David truly was a man after God’s own heart. This distinction he received—not because of his perfect life but because of his willingness to correct his imperfections and seek forgiveness. We see this on three different major occasions in David’s life: when he brought the ark up to Jerusalem on a cart (2 Sam. 6:1-11; 1 Chr. 13:1-14), when he sinned with Bathsheba (2 Sam. 11:1-12:25), and when he numbered the people (2 Sam. 24:1-25). Each time the Bible records not only David’s sin but also his repentance. On one of these occasions, and I believe it is the first, following the granting of forgiveness by God, David penned Psalm 32. It is a stirring reflection on the meaning of forgiveness, and why it should never be taken for granted.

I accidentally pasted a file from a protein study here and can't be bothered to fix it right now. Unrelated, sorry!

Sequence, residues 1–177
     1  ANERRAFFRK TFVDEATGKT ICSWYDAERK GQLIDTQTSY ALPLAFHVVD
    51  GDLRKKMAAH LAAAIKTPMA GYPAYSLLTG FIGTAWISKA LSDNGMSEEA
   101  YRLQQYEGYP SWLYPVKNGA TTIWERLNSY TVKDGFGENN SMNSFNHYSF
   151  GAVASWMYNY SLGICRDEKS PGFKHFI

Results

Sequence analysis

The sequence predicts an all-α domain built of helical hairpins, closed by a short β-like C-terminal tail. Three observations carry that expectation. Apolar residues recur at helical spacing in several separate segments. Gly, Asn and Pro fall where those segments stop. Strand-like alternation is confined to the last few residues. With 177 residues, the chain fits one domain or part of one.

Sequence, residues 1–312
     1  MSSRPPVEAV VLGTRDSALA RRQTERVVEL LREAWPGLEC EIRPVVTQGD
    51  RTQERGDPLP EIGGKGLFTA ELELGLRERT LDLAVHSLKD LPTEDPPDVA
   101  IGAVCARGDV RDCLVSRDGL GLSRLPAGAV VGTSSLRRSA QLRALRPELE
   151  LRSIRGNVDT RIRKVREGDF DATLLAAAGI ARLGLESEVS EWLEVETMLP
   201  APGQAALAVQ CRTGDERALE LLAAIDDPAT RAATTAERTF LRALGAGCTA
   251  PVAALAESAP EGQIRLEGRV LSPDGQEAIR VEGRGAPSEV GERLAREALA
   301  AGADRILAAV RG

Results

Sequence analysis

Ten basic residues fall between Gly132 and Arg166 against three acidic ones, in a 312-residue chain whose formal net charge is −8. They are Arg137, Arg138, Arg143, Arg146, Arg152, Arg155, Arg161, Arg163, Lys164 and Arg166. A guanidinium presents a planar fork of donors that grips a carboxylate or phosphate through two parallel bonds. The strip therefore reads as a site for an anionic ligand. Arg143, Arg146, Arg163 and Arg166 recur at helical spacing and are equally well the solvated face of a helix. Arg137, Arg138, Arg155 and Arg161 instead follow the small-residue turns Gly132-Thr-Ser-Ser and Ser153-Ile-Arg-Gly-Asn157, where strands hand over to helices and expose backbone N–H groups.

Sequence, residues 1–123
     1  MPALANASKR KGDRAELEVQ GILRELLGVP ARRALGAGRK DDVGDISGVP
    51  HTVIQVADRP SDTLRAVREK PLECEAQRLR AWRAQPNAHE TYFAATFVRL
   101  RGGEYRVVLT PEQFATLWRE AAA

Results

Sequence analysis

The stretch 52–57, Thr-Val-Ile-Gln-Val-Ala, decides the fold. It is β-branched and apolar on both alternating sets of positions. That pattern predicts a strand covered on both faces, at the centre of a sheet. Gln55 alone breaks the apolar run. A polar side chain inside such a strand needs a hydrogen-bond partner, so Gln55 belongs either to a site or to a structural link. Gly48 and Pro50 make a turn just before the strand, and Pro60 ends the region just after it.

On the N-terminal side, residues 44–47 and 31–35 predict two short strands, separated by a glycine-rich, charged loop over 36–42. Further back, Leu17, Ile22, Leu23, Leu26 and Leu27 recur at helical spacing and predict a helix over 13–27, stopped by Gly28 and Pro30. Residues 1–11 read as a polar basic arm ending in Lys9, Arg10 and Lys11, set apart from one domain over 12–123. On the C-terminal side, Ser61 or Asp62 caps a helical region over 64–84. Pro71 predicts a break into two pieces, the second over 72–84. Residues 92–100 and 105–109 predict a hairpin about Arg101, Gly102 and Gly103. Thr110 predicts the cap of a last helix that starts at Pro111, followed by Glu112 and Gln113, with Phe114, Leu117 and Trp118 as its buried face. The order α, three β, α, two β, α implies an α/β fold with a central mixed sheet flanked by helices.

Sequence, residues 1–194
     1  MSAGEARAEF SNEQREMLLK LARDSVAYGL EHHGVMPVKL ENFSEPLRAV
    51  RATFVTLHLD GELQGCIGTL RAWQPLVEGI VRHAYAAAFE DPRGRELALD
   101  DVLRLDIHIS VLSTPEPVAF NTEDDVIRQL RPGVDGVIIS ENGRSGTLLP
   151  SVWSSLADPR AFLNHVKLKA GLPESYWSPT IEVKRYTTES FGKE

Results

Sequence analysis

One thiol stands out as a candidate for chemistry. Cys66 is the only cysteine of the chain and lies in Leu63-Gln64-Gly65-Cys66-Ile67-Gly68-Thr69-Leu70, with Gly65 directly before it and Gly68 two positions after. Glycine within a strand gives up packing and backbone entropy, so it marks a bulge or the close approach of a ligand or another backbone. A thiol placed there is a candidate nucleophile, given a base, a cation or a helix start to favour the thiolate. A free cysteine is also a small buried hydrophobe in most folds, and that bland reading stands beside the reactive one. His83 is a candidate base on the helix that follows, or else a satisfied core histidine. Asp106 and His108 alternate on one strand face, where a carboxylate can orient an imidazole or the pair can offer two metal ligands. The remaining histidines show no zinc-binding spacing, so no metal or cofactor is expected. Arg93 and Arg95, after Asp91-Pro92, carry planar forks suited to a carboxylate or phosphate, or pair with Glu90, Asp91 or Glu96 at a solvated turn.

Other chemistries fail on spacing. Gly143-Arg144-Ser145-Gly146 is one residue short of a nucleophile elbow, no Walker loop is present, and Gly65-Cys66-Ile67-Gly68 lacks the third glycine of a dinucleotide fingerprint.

Forgiveness makes an amazing difference in our lives. It provides the difference between just understanding the reality of our sin and taking responsibility for that sin. It makes the difference between recognizing the consequence of that sin and God eliminating the consequence of that sin (Psa. 32:1-2). Forgiveness makes the difference between wallowing in guilt, anger, and despair and seeking the LORD’s compassion, acknowledging our transgressions, and moving past them in feeling and in life (Psa. 32:3-5). Forgiveness is the beginning of hope and the promise of grace that makes God the first one we turn to when we have failed, precisely because we know He wants us back—if we take the opportunity afforded us (Psa. 32:6). Forgiveness makes the difference between hiding in God’s care and hiding from God’s wrath (Psa. 32:7)—a difference that should not be lost on anyone who has reflected seriously on his own sin. Forgiveness paves the way for us to keep learning and growing. It shows that God has not given up on us but desires to show us a better way (Psa. 32:8). However, with deep sincerity, appreciation, and love, we should approach our LORD ever desiring to learn and do better instead of constantly defying him. This indeed is the penitent heart he requires for forgiveness (Psa. 32:9). Forgiveness is the difference between experiencing constant consequences and multitudes of mercy. It is the why trusting the LORD is always better than trusting yourself (Psa. 32:10). God’s offer of forgiveness is what makes joy possible in the moment, in life, and in eternity because it is built on the foundation of righteousness—both the LORD’s and ours (Psa. 32:11). Forgiveness is not some emotion we enjoy; it is not a right we reach out and grab. Indeed, some people “feel” like they are forgiven when they have not sought God’s forgiveness as God requires (Acts 22:16; 1 Jn. 1:8-10). However, once we, like David, have sought God’s forgiveness and received it in faith, we should allow ourselves to bask in the glow of joy and hope that forgiveness makes possible. Feeling forgiven, when we are truly forgiven, is the best feeling in the world—because it is the only thing that can prepare us for heaven.